Pools and Ruins
Trip Start Sep 12, 2005
40Trip End Dec 12, 2005
We are now in Pamukkale (pronounced pam-moo-ka-lay) to see the travertine pools. We were dropped off at the otogar by Karla and Rhett - it is so interesting to see how people who have chosen a different lifestyle live and we had such a wonderful time with them. Even though they barely knew us when we arrived, they immediately made us feel at home and their hospitality was second to none! Everyone has to pass through security checks at the larger bus stations, though we have yet to see someone getting checked even if they do beep
Our bus was fine; Martin was happy that he had lots of leg room for a change! This time the bus boy did serve tea, coffee and snacks - pound cake with dried fruit which I suppose would be the equivalent of our fruitcake, as well as cookies and crackers. I noted that there were a quite a few people on the bus who at least drank something. The driver also smoked occasionally, though no one else was allowed to. (Thank heavens!)
The fellow behind us heard us speaking and kindly offered to help us should be need assistance in speaking to anyone. We chatted with him a couple of times when the bus stopped for a break. He had lived in LA for thirty-six years and was an electrical engineer who had designed computers. He recently returned to Ankara to live and was on his way to Bodrum on the south-west coast to meet a friend to go sailing. In our brief conversations he said that he felt the US was "getting out of hand". He had been to Canada several times and felt that "Canada is the way the US should be". It was obvious that the current situation in the US was one of the reasons he had retired to Turkey.
None of the long distance buses we have taken thus far have had toilets which can be a bit of a problem when the bus only stops every three or so hours
The bus drivers seem very particular about keeping the bus clean. If it's raining (as it was on this trip), there are newspapers or towels on the steps to absorb moisture that's tracked in. It also seems like they have the bus washed at nearly every stop; attendants was the bus with the hose attached to a push broom. (Then there's the obsession with spraying the aisle - which is immaculate - with stinky deodorizer.)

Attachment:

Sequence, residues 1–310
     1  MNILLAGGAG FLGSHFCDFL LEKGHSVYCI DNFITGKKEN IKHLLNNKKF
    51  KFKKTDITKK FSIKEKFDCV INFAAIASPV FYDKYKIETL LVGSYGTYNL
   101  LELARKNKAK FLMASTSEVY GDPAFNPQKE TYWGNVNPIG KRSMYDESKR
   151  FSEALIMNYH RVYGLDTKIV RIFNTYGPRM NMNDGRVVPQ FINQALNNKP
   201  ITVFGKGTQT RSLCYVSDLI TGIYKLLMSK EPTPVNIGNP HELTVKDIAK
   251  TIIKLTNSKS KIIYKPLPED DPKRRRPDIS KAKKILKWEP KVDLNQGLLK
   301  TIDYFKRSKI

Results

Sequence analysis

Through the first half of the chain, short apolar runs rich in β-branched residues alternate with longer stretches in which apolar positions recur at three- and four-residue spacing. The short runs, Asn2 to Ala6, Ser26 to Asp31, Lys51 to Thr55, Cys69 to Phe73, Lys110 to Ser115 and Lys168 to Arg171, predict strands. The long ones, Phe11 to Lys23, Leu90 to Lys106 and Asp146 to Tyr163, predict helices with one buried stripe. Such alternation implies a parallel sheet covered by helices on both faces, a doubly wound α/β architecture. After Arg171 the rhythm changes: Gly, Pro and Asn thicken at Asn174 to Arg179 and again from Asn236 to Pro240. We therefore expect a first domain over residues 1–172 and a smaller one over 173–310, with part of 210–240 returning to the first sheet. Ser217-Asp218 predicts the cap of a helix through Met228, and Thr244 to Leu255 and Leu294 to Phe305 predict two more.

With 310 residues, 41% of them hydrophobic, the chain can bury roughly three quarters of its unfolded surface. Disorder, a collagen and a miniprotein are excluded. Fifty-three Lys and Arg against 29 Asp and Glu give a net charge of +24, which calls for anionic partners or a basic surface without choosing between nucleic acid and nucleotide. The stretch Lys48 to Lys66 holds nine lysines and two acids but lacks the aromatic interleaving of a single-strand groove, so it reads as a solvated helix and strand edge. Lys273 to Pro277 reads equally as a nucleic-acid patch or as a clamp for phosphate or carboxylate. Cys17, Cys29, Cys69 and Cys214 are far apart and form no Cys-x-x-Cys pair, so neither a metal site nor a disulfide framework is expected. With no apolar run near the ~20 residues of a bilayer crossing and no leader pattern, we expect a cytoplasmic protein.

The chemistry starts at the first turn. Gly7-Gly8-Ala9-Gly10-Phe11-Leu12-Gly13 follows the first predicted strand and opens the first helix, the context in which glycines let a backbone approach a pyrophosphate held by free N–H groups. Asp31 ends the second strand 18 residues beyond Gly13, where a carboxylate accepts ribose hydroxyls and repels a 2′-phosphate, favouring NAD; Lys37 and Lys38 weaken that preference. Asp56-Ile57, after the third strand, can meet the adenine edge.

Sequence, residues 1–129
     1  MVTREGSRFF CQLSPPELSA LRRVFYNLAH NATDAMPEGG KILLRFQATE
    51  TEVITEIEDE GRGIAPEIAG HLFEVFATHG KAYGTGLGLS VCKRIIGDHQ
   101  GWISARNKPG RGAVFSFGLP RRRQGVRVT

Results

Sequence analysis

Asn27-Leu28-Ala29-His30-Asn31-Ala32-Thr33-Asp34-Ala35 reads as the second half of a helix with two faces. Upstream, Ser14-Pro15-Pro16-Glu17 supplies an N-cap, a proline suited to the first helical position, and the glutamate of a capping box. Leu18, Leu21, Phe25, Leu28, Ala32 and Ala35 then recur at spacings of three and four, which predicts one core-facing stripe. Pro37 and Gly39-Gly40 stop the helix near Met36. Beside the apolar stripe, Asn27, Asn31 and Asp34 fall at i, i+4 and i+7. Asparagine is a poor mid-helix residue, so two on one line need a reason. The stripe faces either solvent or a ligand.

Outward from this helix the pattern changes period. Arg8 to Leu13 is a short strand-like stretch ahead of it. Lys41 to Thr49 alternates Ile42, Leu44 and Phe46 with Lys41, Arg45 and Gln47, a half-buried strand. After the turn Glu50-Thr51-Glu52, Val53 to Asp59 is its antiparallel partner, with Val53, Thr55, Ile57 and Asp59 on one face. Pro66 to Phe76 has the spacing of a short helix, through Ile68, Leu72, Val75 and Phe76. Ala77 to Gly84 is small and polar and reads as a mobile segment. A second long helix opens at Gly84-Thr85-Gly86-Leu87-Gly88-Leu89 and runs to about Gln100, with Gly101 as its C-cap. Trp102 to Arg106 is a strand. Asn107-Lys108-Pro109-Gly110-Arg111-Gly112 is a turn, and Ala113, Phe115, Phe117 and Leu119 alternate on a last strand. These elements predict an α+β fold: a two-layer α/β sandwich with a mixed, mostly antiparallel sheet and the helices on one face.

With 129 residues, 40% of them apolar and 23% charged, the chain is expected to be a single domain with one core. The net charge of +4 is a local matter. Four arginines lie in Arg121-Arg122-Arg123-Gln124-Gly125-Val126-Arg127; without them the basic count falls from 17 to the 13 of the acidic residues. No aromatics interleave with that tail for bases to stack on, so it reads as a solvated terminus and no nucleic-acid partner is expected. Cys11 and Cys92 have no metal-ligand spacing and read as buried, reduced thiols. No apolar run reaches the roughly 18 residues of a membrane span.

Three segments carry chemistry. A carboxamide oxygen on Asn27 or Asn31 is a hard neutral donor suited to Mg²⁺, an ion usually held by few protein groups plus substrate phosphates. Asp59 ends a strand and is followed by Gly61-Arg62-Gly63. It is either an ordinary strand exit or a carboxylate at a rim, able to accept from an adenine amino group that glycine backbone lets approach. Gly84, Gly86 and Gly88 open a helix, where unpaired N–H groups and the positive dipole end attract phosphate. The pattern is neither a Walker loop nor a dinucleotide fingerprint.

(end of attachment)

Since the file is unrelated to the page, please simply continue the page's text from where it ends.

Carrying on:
At one of our stops, we noticed a young woman who was crying saying goodbye to her family - mother, father and sister. She kissed her mother and father's hands and held them to her forehead (a sign of respect for elders). Our Turkish-American friend commented that she was probably not going any great distance, but had also never been far away before. We have noted that young people are very respectful of elders; if there are no vacant seats on the bus, it will be the young boys who will be standing
If one more of these kids yell in my ear . . . !
The landscape intermittingly changed from flat to hilly to slightly mountainous and back again during our six and a half hour trip. In some areas there were lots of coniferous trees; I also noticed Lombardi poplars. The soil, for the most part, looks very arid and rocky. We saw marble quarries, brick factories (houses here are made of bricks), porcelain factories and, closer to Pamukkale, various crops: grapes (for wine - Turkish wine isn't bad at all), corn, cotton and fruit, such as apples and pomegranates. Tobacco is also grown in this area. There were also flocks of sheep en route.
Cell phone mania has taken off in Turkey, as it has in so many other countries. Just about everyone seems to have one. Compared to SE Asia, though, the rings are rather innocuous. I have yet to hear "We Wish You a Merry Christmas" or "M-I-C-K-E-Y-M-O-U-S-E".
At least I've figured out how to change the keyboard from Turkish to English - makes typing a lot faster!
Of course, you see plenty of mosques here, just as you would see churches at home. Every small town has at least one, even if it consists of a simple building (no dome) and a single minaret. In Istanbul, you could see domes and minarets in every direction you looked.